In this first extract of three from A People’s History of Scotland, Chris Bambery describes the social conflict that accompanied the elite deal that was the Union of Scotland and England in 1707
The Edinburgh mob was fiercely anti-union but it was the elite who would decide the future of the nation.
The supposed leader of the opposition was the Duke of Hamilton, feted on the streets of Edinburgh but a landowner in England who was secretly in league with the government in London.
In 1706, this rhyme was overheard on the streets of Edinburgh:
Come to the union lett us ryde
Wee shall do great matters there
Scotland shall be England’s bride
Or else be fuckyt by Earl of Stair
There was popular opposition to the Union, including from the country’s small merchant and commercial class, and from the lower classes of town and country. For several months the Edinburgh mob was almost permanently on the streets, demonstrating and rioting.
Their fear was that union would be followed by Anglicisation of the Kirk, the one institution with any element of democracy, and that it would bring higher taxes. The riots and demonstrations did not stop the treaty going ahead but they did manage to get several of the most offensive clauses changed or deleted. In the end, the lords pushed the treaty through Parliament because the English regime was prepared to guarantee the preservation of their feudal jurisdictions and legal system – their class position.
A majority of the nobility sensed that union would open up new opportunities to them: in London, in the army and through being able to sell their cattle and other produce in England. The Earl of Roxburgh explained in 1705: ‘The motives will be, Trade with most, Hanover with some, ease and security with others.’
Why did the English ruling class want a united British state? Apart from closing the back door to invasion and securing the Hanoverian succession, they were at war with France and the army was a British one. Its commander, the Duke of Marlborough, wanted a centralized state and his argument carried sway.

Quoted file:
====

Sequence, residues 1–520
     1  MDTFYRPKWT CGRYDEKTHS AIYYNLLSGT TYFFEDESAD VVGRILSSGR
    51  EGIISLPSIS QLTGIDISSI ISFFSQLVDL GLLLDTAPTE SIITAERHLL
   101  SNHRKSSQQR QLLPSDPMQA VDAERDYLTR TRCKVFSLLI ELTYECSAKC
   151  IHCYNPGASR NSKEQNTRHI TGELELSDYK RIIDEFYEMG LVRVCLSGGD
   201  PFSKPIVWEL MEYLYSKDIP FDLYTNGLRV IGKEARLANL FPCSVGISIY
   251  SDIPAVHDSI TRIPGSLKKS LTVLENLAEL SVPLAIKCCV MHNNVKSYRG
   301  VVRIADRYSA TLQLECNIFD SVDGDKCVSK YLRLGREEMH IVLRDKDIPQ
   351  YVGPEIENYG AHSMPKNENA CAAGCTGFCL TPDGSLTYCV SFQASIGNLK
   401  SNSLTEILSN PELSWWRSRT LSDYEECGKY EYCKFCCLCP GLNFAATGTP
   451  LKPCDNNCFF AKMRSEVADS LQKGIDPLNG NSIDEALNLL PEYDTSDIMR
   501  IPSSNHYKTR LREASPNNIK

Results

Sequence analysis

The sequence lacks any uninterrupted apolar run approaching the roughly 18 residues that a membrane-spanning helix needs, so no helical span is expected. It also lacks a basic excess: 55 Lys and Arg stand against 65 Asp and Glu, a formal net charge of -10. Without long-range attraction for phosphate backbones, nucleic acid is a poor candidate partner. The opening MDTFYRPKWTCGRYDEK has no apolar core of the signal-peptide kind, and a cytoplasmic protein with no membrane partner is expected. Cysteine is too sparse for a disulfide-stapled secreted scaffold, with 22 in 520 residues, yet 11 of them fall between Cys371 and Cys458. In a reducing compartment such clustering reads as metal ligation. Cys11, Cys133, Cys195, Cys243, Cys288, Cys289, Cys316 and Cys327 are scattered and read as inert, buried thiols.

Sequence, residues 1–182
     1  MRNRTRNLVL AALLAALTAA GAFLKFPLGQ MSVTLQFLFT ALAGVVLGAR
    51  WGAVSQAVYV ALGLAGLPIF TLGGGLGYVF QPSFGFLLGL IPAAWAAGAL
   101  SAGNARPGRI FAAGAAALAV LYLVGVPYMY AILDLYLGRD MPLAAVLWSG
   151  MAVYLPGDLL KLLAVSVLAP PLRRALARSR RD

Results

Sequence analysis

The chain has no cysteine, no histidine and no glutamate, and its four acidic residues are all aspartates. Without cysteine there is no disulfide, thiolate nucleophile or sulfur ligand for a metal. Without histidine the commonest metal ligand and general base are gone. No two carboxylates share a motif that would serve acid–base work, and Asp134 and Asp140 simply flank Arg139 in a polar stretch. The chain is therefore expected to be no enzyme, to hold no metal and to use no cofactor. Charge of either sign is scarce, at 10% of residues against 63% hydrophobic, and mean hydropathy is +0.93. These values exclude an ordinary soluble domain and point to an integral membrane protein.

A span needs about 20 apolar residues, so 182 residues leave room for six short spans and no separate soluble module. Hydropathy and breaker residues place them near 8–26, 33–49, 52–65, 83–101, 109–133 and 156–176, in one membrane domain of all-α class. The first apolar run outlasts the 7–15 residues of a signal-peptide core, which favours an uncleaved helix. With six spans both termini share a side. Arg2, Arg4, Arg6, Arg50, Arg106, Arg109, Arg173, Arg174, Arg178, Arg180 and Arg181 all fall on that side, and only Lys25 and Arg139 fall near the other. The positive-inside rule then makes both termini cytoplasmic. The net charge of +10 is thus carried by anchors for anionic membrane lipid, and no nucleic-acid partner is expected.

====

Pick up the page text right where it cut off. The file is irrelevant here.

Chris Bambery, A People’s History of Scotland (Verso), 320pp.
The English negotiators conceded that the Church of Scotland would be left untouched and the privileges of the royal burghs and their elites left alone. The nobles could keep their private courts and, most important of all, free trade with England and the colonies was granted, something denied to Ireland. This would create the biggest trading area in the world, no small part of the subsequent rise of what was, in effect, the new British state.
By 1705, a joint Anglo-Scottish parliamentary commission had drawn up a draft treaty of union. The Scottish representatives were selected from supporters of the Hanoverian succession, followers of the Dukes of Queensberry and Argyll. Nonetheless, anger was mounting as it became clear that this was an elite stitch-up. In both Dumfries and Stirling the treaty was burned in public, and rioting broke out in Glasgow and Edinburgh. The writer Daniel Defoe reported a ‘Terrible Multitude’ on Edinburgh’s High Street led by a drummer, shouting and swearing and crying ‘No Union, No Union, English Dogs and the like’.
Defoe, there as an agent for the London government, added that the Scots were a ‘hardened, refractory and terrible people’ and the Scottish ‘rabble’ the worst he had experienced. As the vote was to be taken, troops surrounded the parliament building and the royal palace of Holyrood while two more regiments were stationed in Leith and Musselburgh. It was sufficient to allow the vote to ratify the treaty to be held.
 Christopher A. Whatley and Derek J. Patrick, The Scots and the Union, Edinburgh University Press, 2006, p. 11
 ‘How Was This Kingdom United?’ Socialist Worker, 2 October 2004, accessed 27 April 2013
 Christopher Harvie, Scotland and Nationalism: Scottish Society and Politics 1707–1977, George Allen and Unwin, 1977, p. 64
 Christopher A. Whatley and Derek J. Patrick, The Scots and the Union, pp. 11–12
This article is an extract from A People’s History of Scotland (pp.56-8)
Chris Bambery is an author, political activist and commentator, and a supporter of Rise, the radical left wing coalition in Scotland. His books include A People's History of Scotland and The Second World War: A Marxist Analysis.
More articles from this author
- Labour Country: Political Radicalism and Social Democracy in South Wales 1831-1985, and Stories of Solidarity - book review
- How we should remember D-Day
- Spanish election: the left win but society polarises
- A Deutsche Bank and Commerzbank merger spells trouble
- Bloody Sunday: one prosecution is not justice
- Eurozone blues
- Bloody Sunday: criminal? Yes.